January 26, 2015

Distinguished Lecturer Richard B.Melrose


Scattering theory, travelling waves and geodesics.

(For a general audience) One basic question of scattering theory is "What can one tell from far away". I will discuss the properties of plane waves, their perturbations and the scattering matrix. In more specific cases of reflection and refraction of waves the high energy limit leads to the important notion of sojourn time. Various results on the recovery of information from the scattering matrix will be described and conversely the existence of invisible data

The scattering matrix, trace formulae and asymptotics.

(For a general mathematical audience) A more mathematical description of the scattering matrix in several settings will be given, with emphasis on the wave equation and high energy limit.

Invertibility, index formulae and global invariants.

(For the experts in geometric analysis) The application of scattering theory to the Laplacian for certain classes of complete metrics on manifolds with corners will be described. This leads to appropriate algebras of pseudodifferential operators and questions concerning traces, commutators and ideals. Corresponding notions of wavefront set lead to precise descriptions of the spectrum.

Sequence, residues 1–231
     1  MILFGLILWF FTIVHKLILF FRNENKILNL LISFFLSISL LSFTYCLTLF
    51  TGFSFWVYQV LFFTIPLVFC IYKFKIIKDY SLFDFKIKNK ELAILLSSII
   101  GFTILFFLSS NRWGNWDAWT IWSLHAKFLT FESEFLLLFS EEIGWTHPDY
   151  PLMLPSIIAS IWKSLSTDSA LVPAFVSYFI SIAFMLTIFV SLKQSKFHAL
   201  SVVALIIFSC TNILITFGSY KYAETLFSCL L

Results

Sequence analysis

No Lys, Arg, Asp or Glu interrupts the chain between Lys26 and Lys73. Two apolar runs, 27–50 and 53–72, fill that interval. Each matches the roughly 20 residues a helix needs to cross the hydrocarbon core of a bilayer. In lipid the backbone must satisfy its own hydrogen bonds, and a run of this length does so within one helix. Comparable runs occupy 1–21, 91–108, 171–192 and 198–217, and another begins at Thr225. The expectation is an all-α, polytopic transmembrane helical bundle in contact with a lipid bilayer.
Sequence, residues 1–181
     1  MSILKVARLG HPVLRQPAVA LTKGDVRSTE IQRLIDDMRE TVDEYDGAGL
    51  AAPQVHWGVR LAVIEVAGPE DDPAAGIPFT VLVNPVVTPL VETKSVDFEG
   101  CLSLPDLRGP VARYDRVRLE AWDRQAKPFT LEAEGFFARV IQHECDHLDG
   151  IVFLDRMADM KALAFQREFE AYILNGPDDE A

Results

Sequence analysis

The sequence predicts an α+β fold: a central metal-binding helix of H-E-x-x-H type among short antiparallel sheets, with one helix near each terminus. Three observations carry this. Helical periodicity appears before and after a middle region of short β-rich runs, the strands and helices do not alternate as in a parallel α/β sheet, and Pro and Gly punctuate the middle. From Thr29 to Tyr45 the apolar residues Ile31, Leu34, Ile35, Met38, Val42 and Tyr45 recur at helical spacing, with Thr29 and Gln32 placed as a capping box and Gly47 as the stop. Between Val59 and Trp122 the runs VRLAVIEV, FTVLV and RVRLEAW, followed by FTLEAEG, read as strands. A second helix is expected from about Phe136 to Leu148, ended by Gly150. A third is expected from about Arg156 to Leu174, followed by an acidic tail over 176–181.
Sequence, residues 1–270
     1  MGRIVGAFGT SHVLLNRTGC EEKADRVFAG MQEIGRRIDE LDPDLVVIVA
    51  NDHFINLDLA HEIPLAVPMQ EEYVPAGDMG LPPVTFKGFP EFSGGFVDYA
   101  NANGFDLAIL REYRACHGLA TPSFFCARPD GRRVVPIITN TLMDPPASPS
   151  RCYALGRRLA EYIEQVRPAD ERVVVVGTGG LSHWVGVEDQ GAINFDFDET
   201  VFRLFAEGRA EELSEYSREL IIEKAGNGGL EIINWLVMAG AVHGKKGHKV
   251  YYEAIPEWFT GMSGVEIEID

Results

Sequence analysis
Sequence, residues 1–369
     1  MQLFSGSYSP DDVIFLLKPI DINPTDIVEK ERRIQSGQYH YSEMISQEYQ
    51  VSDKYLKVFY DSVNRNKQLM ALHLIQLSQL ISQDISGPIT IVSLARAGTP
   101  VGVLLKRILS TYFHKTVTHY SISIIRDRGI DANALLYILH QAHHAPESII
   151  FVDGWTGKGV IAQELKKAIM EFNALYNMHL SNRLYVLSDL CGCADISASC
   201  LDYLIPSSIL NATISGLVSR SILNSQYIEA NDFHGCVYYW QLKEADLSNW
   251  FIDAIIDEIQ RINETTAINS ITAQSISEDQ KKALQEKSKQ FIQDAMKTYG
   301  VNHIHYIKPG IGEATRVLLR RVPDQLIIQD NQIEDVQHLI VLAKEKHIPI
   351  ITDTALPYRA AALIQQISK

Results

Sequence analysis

These lectures will be delivered Oct 27, 29, 31 during the Workshop Microlocal Methods in Geometric Analysis (fall 97).

Scientific statement of RBM:

  • Mathematical Interests: Eclectic but tending to the geometric-analytic
  • Other Interests: Eclectic but tending to the geopolitical-mycological

    Comment of Victor Ivrii: The last statement is extremely important. Everybody knows everything about geopolitics (or believes so) and professor's error in geopolitical analysis are of no importance at all (look at any department of political science full of "original thinkers"). Errors in mathematical arguments can cost you reputation but not the life. The same is true for an abstract, theoretical or mathematical mycology. But the error in the domain of gastronomical mycology (RBM is interested in this branch of the mycological science) could be really deadly. And RBM is still alive and even managed to get the Bocher's prize (1984) and to deliver two talks on International Congresses of Mathematicians (Helsinki-1978 and Tokyo-1990 (plenary))

    You can browse RBM's home page in MIT.